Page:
Both Hindus and Sikhs celebrate the joyous five-day festival of light. Hindus to remember the “inner light”; deep-seated, higher-knowledge that they believe is within us all, and Sikhs to commemorate the release of Guru Hargobind. Both, among other things, involve the lighting of special candles, and letting off of those impressive fireworks. If you’d like to join in the fun, there are plenty of opportunities to do so, regardless of your religion.
The biggest Hindu temple in London, the BAPS Shri Swaminarayan Mandir in Neasden celebrates with a jaw-dropping firework display – it’s an inclusive, welcoming event, and all are welcome, however, there are basic dress codes and rules to respect. (londonmandir.baps.org)
Elsewhere in London, there’s a huge, all-day party in Trafalgar Square on October 16 (diwaliinlondon.com). It’s a chance to take in big name music and dance stars from the Indian continent - try dressingup, watch a very sweet children’s parade, and take part in lots of family-friendly activities.
In Manchester, the Dasher Diwali Mela on October 15 (dashehradiwali.co.uk) has a packed programme of bhangra music, street entertainment and a spectacular fire show. This year, the show is called ‘Cast the Light’, and celebrates the battle of inner light over spiritual darkness with a piece of outdoor, immersive theatre based on the Hindu epic, Ramayana. Expect puppetry, dance, and eye-popping pyrotechnics.
Leicester’s celebrations (visitleicester.info) are some of the biggest outside of India, with over 37,000 people attending the switching on of the lights (October 16), and more on Diwali Day (October 30). The switch-on includes musical performances and dancing, as the town’s Belgrave Road becomes The Golden Mile, swathed in lights, fire sculptures and digital sparklers. The evening climaxes in a spectacular firework display. On Diwali Day, there’s more music and celebrations and another jaw-dropping set of pyrotechnics.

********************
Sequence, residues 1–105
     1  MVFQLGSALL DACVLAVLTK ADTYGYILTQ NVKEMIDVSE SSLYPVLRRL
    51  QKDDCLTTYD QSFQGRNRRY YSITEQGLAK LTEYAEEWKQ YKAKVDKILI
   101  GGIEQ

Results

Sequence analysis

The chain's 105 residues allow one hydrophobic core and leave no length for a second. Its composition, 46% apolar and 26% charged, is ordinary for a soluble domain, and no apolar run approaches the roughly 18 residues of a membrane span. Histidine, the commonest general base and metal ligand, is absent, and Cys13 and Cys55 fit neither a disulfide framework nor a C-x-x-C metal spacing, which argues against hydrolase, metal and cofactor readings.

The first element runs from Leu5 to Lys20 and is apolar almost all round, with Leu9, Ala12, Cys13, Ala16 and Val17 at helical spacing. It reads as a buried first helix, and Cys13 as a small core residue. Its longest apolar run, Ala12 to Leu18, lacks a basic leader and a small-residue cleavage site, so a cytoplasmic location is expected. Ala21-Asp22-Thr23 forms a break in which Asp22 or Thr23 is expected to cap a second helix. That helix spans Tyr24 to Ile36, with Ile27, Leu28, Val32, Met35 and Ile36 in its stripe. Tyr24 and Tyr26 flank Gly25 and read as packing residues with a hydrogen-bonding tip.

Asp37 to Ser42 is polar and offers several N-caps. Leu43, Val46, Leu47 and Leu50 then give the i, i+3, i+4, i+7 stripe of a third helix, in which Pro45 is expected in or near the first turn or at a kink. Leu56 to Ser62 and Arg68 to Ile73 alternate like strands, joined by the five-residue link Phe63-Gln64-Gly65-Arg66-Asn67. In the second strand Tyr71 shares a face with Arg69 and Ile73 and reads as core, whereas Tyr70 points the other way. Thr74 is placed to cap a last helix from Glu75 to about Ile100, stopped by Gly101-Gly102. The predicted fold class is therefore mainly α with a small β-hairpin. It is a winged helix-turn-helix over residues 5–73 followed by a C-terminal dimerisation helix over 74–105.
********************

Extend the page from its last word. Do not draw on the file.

In Glasgow, Diwali is celebrated at The Hindu Temple on La Belle Place (hindumandirglasgow.org), with a blessing ceremony, workshops for school children, yoga sessions and dance lessons. It’s lower key than in other British cities, but there’s a real community feel to the celebrations.
Diwali is often referred to as the ‘Festival of Light’, and is traditionally marked by placing decorated oil lamps (called deepas) in rows (avali) - hence the Sanskrit name, ‘Deepavali’. This practice can be traced to the return of Bhagwan Rama to Ayodhya after vanquishing the evil King Ravana. The people of Ayodhya celebrated his return by lining the streets with oil lamps and decorating their front yards with colourful patterned designs (called a rangolis).
Make your own lamp and put it in your window to celebrate light overcoming darkness.
Use a simple salt dough (one cup of water, two cups of flour, two cups of salt), to create basic tea-light holders, shaped like thick cups. Decorate them with sequins and bake in a 120C oven for three hours.
Then cover with glitter, paint and varnish. A line of them will look cosy and welcoming on the darkest of nights.